Art Deco Picquotware
So we’ve still got plenty of really good stock to come out.  Someone asked this week if they had missed out on all the good things and all the bargains because they hadn’t made it in for the first few weeks of the new shipment being presented.  But no, we open boxes at random so there’s no telling what’s coming out next.  This week I put out some English Art Deco glass plates and bowls and I have $6 each on them, and you can’t do better than genuine Art Deco for $6 by anybody’s measure, so I feel confident in saying I still have plenty of good things and bargains to come.

Calypso modelling a Metal Potato Basket -
there's always a trusty Photographer's Assistant
available when you try to photograph stock at home

The visitors in the shop this week have been the seasonal crop of New Zealanders and people from Melbourne, who head north to escape the southern winter.  I used to live in Melbourne, and if I could have headed north during winter I absolutely would have.  Mind you, it’s done little but rain here for weeks even though it’s meant to be the dry season, but it’s still warmer than down south.  And overwhelmingly people have been lovely, complimentary about the shop and appropriately admiring of the Moggie on Duty.  But yes, there have been a few strange ones, and I’m afraid when you’re a bit strange so close to me writing the weekly Blog then I will remember you and Blog on you.

So here’s the Strange Encounters for the week:

Strange Encounter 1:  it was only a brief encounter, but a man stood over my desk, frowning and shaking his head at my laptop.  You know you shouldn’t have that in here, he said, it’s totally out of keeping with the rest of the shop.  Would you have me use an abacus? I replied. Well, yes he said.  I was joking.  He wasn’t.  We’re a modern antiques shop, I said.  Well it just doesn’t look right, he grumbled. 

Strange Encounter 2:  This week I’ve been wearing the cool t-shirts I bought in Amsterdam, and it’s sometimes amazing the responses I’ve had to them.  Maybe I should have bought some as retro-looking stock, because people always notice and comment on them.  Next time I’m in Amsterdam I’ll think about getting some.  The Mad Robots are particularly admired, with people wanting to know where to get them, and when they don’t want to travel to Amsterdam for them they will sometimes offer to buy them off my back.  Two women made the offer this week – have you ever had someone walk up to you and want to buy the clothes you’re wearing?  I can’t imagine doing it, and find it a bit strange.  One woman was very insistent – Really, she said, if you will take it off right now I’ll buy it right now.  But I don’t have anything to change into, I said, and I don’t want to frighten passing children.  Surely you can find something, she said, because I really want it.  But even if I had replacement clothes here, it’s not for sale I said.  But are you sure? she said, several times.  And yes, I was sure that I was not going to spend the rest of the day clad only in my bra.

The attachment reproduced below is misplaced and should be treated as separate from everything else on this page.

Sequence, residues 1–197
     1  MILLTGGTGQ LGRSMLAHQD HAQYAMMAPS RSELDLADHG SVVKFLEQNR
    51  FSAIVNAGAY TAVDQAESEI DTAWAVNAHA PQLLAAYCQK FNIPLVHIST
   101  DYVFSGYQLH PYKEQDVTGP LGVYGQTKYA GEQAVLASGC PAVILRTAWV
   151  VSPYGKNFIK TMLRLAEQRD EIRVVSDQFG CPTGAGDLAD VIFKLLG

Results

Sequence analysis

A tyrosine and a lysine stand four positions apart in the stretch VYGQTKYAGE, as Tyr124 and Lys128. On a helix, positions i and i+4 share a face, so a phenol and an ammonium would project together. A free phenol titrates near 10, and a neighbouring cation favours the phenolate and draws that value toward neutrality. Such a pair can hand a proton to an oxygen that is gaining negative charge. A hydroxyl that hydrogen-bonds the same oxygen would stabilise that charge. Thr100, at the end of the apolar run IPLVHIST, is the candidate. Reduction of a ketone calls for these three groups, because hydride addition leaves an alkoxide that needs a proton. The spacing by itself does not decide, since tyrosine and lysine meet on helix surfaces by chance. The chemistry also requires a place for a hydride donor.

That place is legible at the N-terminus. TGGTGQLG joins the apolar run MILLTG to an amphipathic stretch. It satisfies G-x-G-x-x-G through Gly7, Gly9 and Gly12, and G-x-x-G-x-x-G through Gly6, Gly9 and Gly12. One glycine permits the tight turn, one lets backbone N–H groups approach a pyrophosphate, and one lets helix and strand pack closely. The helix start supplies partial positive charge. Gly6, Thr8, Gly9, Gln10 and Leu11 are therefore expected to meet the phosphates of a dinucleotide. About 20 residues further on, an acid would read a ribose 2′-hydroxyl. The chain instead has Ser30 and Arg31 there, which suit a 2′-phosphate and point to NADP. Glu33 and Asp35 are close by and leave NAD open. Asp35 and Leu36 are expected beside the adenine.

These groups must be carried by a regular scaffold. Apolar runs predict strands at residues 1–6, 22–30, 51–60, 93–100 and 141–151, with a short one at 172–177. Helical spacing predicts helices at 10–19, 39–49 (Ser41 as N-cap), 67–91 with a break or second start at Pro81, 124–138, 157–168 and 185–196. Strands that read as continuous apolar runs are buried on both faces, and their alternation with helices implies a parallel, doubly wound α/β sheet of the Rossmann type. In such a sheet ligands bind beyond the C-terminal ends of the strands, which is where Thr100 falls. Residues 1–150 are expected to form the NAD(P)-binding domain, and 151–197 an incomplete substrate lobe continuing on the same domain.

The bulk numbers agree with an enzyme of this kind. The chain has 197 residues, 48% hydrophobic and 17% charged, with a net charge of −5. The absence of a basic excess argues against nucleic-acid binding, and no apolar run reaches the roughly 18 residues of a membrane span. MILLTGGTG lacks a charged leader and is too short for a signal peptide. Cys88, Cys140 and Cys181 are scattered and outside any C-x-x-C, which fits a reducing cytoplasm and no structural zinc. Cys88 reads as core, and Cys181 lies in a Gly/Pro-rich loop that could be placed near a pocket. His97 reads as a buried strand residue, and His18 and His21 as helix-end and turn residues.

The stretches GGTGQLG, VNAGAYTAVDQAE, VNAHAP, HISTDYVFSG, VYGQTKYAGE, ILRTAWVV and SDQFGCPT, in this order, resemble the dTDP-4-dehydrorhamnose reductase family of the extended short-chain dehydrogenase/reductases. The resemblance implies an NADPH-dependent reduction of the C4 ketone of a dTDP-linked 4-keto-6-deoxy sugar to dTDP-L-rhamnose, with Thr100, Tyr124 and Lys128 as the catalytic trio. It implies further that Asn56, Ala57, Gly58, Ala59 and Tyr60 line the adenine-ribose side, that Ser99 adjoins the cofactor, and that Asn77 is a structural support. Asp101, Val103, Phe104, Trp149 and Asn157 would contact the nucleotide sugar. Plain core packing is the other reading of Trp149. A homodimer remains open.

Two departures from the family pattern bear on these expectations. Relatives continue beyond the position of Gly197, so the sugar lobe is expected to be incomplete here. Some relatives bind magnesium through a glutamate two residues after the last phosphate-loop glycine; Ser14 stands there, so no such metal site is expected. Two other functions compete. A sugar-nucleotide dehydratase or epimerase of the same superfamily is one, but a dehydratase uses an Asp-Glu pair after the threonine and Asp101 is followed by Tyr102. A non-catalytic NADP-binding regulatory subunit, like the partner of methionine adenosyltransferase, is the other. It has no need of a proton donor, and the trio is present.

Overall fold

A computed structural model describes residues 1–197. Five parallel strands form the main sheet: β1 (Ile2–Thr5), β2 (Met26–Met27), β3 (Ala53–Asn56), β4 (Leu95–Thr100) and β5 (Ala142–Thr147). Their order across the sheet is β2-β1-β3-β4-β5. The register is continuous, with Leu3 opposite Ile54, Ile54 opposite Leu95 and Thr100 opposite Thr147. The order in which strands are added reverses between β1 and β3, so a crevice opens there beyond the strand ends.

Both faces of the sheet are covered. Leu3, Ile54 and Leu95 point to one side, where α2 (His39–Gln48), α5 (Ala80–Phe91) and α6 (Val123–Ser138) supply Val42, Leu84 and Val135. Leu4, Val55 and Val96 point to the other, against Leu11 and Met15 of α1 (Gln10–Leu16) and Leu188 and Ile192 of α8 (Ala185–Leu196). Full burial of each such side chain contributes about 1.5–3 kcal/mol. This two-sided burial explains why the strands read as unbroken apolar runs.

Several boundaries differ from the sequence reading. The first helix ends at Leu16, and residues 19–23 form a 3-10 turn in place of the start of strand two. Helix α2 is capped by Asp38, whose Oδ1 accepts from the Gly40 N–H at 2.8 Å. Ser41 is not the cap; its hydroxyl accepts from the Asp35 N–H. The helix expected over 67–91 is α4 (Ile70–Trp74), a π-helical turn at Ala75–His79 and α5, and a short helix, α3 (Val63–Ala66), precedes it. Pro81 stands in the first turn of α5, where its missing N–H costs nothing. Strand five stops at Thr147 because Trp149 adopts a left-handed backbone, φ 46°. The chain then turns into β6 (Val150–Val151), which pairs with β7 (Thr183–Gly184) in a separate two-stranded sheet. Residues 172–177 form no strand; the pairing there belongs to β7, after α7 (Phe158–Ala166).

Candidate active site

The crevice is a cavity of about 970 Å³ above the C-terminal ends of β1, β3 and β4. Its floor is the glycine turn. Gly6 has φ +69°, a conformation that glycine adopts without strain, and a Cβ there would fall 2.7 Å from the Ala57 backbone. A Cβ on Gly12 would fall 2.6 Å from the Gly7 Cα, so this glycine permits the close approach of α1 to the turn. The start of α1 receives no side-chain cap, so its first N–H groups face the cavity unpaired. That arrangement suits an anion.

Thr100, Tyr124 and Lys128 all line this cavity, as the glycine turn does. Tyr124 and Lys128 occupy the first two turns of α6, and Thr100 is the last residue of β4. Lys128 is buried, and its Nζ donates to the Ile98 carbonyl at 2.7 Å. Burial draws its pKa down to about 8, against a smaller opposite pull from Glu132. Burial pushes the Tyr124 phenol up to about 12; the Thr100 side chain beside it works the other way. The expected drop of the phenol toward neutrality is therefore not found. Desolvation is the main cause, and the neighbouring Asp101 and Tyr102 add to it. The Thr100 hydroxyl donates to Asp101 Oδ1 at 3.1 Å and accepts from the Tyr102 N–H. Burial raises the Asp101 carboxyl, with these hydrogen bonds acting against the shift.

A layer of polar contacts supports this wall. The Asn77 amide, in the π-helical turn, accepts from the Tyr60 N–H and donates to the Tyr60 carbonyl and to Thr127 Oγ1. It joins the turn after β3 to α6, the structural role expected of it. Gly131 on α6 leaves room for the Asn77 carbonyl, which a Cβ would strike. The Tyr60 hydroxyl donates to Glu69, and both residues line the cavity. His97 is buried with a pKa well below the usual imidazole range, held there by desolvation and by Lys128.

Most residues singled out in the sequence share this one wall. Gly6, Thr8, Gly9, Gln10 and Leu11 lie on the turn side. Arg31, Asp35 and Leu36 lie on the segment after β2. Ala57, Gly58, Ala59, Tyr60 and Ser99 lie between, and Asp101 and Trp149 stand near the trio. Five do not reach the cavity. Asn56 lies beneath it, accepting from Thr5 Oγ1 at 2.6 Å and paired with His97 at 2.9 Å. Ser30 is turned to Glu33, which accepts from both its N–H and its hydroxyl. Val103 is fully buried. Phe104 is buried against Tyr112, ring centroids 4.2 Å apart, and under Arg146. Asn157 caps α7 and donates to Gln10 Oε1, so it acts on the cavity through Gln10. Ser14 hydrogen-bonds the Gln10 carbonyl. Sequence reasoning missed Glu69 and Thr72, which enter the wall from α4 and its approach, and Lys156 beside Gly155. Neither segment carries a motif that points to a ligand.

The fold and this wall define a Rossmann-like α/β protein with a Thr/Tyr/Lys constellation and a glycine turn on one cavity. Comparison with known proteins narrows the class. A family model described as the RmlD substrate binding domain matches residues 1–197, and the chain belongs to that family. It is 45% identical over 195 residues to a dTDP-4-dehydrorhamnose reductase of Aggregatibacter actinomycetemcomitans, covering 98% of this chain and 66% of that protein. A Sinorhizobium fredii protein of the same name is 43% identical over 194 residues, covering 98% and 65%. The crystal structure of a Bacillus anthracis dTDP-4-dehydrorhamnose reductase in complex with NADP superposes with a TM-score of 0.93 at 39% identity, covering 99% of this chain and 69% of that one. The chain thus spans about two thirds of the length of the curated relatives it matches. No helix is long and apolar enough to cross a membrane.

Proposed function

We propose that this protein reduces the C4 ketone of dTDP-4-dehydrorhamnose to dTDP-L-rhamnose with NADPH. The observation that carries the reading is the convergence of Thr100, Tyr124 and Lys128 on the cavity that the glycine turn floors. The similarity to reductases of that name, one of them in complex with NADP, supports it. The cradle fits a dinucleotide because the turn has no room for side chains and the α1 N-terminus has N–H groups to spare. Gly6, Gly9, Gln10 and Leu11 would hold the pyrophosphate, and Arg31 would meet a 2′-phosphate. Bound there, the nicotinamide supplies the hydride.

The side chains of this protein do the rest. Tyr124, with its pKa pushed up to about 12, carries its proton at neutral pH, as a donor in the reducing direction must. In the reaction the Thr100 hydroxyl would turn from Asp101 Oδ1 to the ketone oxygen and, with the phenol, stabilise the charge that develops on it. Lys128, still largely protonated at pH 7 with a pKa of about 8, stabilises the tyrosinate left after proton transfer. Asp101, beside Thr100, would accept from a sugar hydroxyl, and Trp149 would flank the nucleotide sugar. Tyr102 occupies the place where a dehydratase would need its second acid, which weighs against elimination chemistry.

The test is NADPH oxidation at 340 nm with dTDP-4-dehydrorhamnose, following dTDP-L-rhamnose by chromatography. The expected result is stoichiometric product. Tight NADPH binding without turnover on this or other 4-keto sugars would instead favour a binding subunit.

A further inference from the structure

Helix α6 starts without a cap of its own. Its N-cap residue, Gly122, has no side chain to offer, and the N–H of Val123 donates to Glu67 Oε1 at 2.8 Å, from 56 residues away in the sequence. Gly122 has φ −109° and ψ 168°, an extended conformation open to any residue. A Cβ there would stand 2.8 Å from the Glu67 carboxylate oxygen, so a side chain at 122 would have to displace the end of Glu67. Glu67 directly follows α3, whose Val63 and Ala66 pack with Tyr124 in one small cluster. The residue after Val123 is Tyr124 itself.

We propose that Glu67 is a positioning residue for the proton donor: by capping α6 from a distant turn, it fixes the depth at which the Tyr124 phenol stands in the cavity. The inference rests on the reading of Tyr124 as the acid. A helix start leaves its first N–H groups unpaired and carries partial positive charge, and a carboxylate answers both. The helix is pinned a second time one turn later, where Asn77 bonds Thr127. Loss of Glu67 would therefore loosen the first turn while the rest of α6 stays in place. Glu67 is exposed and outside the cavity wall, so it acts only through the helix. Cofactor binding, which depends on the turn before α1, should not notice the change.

Strange Encounter 3:  a couple came into the shop, on a day I was wearing my Death’s Head Mickey t-shirt (another Amsterdam purchase).  Oh, what happened to Mickey? the woman said.  He met with an untimely demise, I said.  She looked totally blank.  What? she said.  He carked it, I said, and that she understood.  Oh come on – surely standards of English haven’t fallen that much?  Not only do I require the people who read this Blog to enjoy a bit of text as well as pretty pictures, I also require people coming into the shop to have a standard level of education so they can understand basic English.  My shop, my rules, and that’s what I decree. 

But wait, there’s more to Strange Encounter 3 – the woman took a fancy to my large French keys, but needed advice on whether to buy one.  Advice from The Other Side, that is.  So she popped out to her car and came back with a large crystal on a string, in order to scry for guidance on whether to buy one.  I am familiar with the practice of scrying – whoever said an Anthropology degree would not come in handy in a retail environment?  And I am always on the look out for Victorian era crystal balls or other old Wicca paraphernalia because it’s enormously popular and sells the instant I put it into the shop.  Anyway, she told me that the crystal going round-and-round over the keys meant yes, and backwards and forwards meant no.  But I’m sorry, I could see her hand moving.  She was good, and did it subtly, but nonetheless there was movement.  Anyway, officially the Spirits told her to buy two keys so that was good of them.  Maybe it was the means by which she convinced her husband she should buy things?  How can he argue with the Ghost of Granny?  I’d rather just tell Doug that I was going to buy something rather than go through that palaver, but whatever works I suppose. 

Strange Encounter 4:  As I mentioned earlier, we’ve had lots of New Zealanders in the shop this week.  Despite what every other nationality thinks, Australian and New Zealander accents can be very different, particularly when they’re broad.  So a woman came in and admired Klaatu, commenting on what a good boy he was for sitting at his spot on the desk and behaving himself.  He’s a working cat, I said, and he knows the drill.  Oh, so he’s a retter, she said.  I had no idea what she was talking about – I don’t know what a retter is, I said.  In New Zealand working cats are called retters, she said, that’s what everyone calls them.  I’m afraid I’ve never heard of that, I said.  You know, she said, they catch rets and mice.  Ah, a ratter.  rAtter.  There’s an ‘a’ in that word, you know.  And anyway, miscommunications aside, perish the thought that Klaatu would sully his claws catching rats.  He’s a White Collar Cat, management material, and he has never even seen a rat.